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  #41  
Old 01-14-2020, 12:49 PM
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Originally Posted by Baron Von Zeppelin View Post
I couldn't agree more about a Vibe.
The 4 cylinder base models have TOYOTA Drivetrains, and NO Timing Belt to maintain (chain drive).
Excellent fuel economy on 87 octane and good safety features to boot.

Researched them a couple of years ago for a friend, and was totally amazed//surprised.
Toyota had the same vehicle under another body name, so it's not an orphan.

Aftermarket has most all the Pontiac body parts for them in the event of a fender bender.

The GT's require Premium Fuel and the economy drops pretty sharp.
That is because Toyota made them for GM. GM is also the reason why Toyota stopped making them for GM. The Toyota version was called the Matrix and carried a 60mo./60,000mi. warranty. GM would only warranty the Vibe for 36mo./36,000mi.

The Vibe GT was a premium fuel burner, only came with a 6 speed manual and was plagued with transmission problems. The Vibe/Matrix at one time was one of the hottest vehicles on the market. However, as time went on, crossmember rot pretty much killed their desire as well as resale value and condemned them to the boneyards.

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I rarely agree with Chief on anything but...........
  #42  
Old 01-14-2020, 12:56 PM
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Originally Posted by 1965gp View Post
Some really good points in here. I like the Solstice- tgat is definitely an option I have considered.

The Firehawk in question is a 6 speed and I agree that one of the reasons to have that is to deter other kid from driving it. It also has a harness bar in the back seat- bolts where the seat belts go in the back seat for the 5 point harnesses to attach to essentially making it a two seater. I’m big on not having distractions- a two seater is perfect.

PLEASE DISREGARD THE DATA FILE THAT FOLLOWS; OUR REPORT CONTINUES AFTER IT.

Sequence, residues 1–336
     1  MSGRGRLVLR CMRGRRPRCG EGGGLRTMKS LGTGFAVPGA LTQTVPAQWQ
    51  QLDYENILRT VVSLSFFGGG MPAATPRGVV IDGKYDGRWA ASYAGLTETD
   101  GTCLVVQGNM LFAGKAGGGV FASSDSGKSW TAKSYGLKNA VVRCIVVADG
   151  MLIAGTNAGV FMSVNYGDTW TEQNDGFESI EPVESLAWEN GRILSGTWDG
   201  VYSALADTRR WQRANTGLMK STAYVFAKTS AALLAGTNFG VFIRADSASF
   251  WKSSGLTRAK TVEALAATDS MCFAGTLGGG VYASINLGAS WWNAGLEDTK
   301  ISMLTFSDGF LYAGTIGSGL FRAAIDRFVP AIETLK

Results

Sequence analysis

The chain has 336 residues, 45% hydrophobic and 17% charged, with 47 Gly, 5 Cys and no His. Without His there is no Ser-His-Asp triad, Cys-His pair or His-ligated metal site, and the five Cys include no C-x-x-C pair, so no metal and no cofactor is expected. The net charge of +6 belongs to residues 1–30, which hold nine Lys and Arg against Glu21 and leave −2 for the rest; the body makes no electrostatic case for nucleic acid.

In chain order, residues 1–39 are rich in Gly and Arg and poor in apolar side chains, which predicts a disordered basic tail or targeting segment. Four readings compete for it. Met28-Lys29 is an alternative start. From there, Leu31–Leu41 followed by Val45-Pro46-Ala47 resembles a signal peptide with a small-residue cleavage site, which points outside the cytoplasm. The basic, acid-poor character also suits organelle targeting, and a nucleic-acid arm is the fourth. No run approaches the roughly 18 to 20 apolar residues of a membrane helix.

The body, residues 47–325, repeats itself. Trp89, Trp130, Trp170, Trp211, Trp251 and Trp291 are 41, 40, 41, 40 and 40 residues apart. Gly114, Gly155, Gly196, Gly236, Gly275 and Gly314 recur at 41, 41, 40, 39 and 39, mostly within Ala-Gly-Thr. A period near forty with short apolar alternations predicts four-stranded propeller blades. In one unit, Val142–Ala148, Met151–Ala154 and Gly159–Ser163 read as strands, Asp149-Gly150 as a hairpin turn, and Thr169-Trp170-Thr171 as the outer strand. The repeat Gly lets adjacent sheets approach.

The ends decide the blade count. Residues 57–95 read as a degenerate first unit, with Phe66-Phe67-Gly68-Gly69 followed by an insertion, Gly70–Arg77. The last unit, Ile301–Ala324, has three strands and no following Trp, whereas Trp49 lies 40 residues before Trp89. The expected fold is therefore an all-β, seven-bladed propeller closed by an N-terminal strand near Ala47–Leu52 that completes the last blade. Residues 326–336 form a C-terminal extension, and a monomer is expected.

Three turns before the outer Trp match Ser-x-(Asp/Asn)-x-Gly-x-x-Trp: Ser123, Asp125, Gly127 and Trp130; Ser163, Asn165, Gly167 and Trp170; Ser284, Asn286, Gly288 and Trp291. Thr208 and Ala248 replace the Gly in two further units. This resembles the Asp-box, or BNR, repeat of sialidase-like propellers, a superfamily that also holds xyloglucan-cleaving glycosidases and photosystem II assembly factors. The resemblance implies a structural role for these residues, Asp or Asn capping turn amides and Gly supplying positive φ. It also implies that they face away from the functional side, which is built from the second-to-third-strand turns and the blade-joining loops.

I appreciate everyone’s insight- helped me accept that my definition of cool and get definition of cool may not be the same.
Careful with a Solstice if she is short. There is not much seat adjustment and you sit low, very low. So the dash is difficult to see over. Very few Solstices were made with a power seat, but for short people there still isn't enough seat adjustment.

The Solstice is cool, but not for everybody.

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I rarely agree with Chief on anything but...........
  #43  
Old 01-14-2020, 02:04 PM
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My step-daughter was the passenger in really horrific three-car accident about ten years ago. Despite the fact that it was a three car crash with two of them hitting head on, everyone walked away. The car she was in? a 1997 Buick LeSabre. Any front-drive GM full-size, Like a Bonneville, LeSabre, Park Avenue or Delta 88 are blessed with a tremendously strong unibody structure. If you get in an accident with one of those, odds are you will win.